Folks-on-the-street interviews at the outset of the documentary "Countdown to Zero" kind of sum up the attitude of many people about nuclear weapons nowadays.
Even amid the war on terror, people admit they don't worry or even think much about nukes in a world where Cold War scenarios have been supplanted by the economic meltdown, global warming and other doomsday fears.
Then director Lucy Walker proceeds to scare the stuffing out of viewers with a thoughtful exploration into lingering dangers of nuclear disaster, whether by a rogue nation such as Iran or North Korea, a terrorist attack or some terrible accident.
The doom and gloom comes with the voice of authority. Among the dozens interviewed are Jimmy Carter, Mikhail Gorbachev, Tony Blair, former U.S. cabinet members Robert McNamara and James Baker III, and former CIA operative Valerie Plame Wilson.
"Countdown to Zero" is a solemn, professorial companion to 1982's wonderful documentary "The Atomic Cafe," a sprightly, even wacky look at the absurdities of the Cold War.
Walker, whose documentaries include the Mt. Everest chronicle "Blindsight" and the Amish teen study "Devil's Playground," touches here and there on such farcically frightening elements in our nuclear annals.
Did you know that in 1995, years after the collapse of the Soviet Union, the world was on the brink of armageddon because Russia mistook a NASA-funded rocket launch to study the Northern Lights as a nuclear first strike?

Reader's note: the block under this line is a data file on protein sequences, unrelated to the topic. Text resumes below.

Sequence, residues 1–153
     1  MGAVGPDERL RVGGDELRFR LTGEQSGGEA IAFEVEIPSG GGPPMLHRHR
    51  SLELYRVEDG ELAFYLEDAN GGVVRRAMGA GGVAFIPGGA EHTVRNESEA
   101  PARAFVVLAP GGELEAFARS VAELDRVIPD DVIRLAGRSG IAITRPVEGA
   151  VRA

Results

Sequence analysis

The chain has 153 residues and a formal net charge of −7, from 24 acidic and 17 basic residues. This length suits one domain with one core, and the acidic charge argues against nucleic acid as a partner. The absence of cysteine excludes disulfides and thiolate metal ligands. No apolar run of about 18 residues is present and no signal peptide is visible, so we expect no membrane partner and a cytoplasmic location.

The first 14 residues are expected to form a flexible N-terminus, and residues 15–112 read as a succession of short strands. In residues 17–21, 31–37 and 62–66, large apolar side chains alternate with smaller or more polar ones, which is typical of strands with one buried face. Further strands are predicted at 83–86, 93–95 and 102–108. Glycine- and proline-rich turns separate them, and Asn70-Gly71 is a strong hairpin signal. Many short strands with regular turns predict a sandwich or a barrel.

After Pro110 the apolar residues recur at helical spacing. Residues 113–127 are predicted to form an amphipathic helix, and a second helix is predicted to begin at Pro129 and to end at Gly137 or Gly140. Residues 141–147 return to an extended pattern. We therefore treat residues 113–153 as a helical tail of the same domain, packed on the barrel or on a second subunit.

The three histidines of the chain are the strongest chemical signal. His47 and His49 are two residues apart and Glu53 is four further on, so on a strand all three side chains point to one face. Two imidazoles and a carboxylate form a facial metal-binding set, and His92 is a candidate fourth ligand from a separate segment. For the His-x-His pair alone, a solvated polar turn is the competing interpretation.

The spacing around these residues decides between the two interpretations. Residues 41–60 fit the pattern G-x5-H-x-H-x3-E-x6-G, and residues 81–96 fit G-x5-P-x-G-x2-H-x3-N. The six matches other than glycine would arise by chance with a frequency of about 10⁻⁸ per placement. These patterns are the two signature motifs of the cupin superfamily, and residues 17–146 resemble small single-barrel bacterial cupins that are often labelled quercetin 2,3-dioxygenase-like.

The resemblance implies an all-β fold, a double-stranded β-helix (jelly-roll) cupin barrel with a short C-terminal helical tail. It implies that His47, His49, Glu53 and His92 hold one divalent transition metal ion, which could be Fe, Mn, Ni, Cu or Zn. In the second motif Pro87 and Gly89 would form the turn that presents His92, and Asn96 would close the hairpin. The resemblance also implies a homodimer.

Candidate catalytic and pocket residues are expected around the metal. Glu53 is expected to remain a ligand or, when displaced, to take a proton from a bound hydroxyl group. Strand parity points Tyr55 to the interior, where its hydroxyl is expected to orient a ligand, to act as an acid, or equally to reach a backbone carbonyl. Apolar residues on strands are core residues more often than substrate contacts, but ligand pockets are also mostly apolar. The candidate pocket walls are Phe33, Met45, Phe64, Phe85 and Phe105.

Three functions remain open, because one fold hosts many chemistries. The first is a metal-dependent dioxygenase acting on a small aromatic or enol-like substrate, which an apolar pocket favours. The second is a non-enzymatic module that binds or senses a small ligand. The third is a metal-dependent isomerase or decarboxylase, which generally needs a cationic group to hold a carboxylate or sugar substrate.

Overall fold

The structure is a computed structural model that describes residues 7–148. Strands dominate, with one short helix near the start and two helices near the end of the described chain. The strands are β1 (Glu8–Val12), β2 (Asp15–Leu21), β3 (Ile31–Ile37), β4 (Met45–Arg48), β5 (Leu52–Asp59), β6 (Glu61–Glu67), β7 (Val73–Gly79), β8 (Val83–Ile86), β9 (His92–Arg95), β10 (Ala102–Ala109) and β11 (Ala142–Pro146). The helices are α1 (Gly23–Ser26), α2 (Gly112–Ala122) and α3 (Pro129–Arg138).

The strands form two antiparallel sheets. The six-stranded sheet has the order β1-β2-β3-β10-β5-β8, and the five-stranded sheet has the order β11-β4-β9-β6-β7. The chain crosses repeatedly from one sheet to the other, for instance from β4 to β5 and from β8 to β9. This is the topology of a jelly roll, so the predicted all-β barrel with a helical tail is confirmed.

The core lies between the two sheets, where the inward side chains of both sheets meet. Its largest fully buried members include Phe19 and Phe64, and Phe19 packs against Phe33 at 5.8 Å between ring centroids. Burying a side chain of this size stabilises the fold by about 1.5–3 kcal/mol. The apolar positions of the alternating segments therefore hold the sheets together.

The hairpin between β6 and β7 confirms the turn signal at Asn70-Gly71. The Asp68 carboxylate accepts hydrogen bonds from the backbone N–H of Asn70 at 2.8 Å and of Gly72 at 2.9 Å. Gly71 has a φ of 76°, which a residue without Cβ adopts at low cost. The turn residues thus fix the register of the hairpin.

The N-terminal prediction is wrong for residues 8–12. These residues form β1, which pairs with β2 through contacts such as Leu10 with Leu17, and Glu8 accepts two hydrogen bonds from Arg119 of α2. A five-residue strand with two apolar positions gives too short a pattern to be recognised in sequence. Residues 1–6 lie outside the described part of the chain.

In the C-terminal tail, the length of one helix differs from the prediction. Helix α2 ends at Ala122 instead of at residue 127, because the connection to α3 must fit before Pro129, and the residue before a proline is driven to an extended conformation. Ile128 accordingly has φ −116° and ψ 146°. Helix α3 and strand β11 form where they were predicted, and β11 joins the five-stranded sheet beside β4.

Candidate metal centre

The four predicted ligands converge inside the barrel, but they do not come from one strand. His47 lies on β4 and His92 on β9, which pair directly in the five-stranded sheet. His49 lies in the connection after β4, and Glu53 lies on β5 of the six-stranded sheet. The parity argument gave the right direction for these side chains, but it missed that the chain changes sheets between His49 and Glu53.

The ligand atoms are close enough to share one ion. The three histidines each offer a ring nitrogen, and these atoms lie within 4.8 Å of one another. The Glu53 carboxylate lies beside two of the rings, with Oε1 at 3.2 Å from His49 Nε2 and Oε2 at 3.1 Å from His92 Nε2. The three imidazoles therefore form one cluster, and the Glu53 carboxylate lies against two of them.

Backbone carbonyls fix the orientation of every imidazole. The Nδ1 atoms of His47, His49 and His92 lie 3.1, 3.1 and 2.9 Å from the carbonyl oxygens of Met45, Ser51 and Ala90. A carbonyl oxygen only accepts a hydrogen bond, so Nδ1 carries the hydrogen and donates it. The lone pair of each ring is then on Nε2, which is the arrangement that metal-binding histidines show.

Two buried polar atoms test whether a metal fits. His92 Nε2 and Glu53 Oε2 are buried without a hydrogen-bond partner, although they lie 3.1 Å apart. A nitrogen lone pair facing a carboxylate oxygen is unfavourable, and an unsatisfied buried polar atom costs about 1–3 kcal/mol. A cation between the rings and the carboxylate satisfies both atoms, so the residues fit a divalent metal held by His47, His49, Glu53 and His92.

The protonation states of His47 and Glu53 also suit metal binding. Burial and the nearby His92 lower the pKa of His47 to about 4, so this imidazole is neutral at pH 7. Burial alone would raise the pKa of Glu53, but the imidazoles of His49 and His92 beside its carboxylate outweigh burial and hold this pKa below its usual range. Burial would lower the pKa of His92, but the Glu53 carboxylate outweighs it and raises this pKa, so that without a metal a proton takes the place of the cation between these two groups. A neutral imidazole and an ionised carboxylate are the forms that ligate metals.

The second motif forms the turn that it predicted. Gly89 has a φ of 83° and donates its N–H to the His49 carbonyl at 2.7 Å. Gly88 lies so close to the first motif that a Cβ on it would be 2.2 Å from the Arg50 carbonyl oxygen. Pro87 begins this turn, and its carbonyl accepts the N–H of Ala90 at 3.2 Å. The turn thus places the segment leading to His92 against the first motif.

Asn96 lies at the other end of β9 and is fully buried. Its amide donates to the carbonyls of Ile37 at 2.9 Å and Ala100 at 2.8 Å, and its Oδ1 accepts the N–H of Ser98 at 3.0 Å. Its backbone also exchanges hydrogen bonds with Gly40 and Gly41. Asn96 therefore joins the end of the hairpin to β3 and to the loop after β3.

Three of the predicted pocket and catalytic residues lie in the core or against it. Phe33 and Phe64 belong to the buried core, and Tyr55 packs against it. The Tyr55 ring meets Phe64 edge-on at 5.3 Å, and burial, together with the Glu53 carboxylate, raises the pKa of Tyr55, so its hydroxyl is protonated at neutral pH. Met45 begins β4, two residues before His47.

The end of days was avoided, according to Walker's film, only because Russian President Boris Yeltsin was not drunk and violated his country's protocol by waiting beyond the deadline to launch a full-scale counterattack, just to be sure.
While that anecdote is alarming, much of the historical record in "Countdown to Zero" is passe, experts and former military men recalling how the fate of the planet nearly was decided by false alarms caused by a single malfunctioning computer chip or flocks of geese mistaken for bombers.
What's truly scary about the here and now of nuclear weapons is Walker's examination of the terrorist and rogue nation threat. "Countdown to Zero" opens with a segment on the prospects of terrorists acquiring fissile nuclear material, noting how easy it would be to smuggle a bomb into the United States and that Osama bin Laden's goal is to kill 4 million Americans as payback for the number of Islamic deaths he blames on U.S. policy.
The film abruptly shifts to an account of nuclear near-misses, false alarms and other accidents from Cold War days, which feels like ancient history next to the dangers of Al-Qaida obtaining uranium or plutonium to make a bomb.
"Countdown to Zero" eventually comes back to the terrorism question and offers a chilling look at current nuclear arsenals and the weapons programs of North Korea and Iran.
Yet the extensive Cold War flashbacks sometimes come off as filler alongside the terrorist menace.
The film's impact might have been even stronger and more immediate had it lingered longer and probed deeper into the perils of a world where the superpower sword of Damocles, John F. Kennedy's nuclear metaphor, has given way to daggers — small nations and groups potentially inflicting colossal disaster.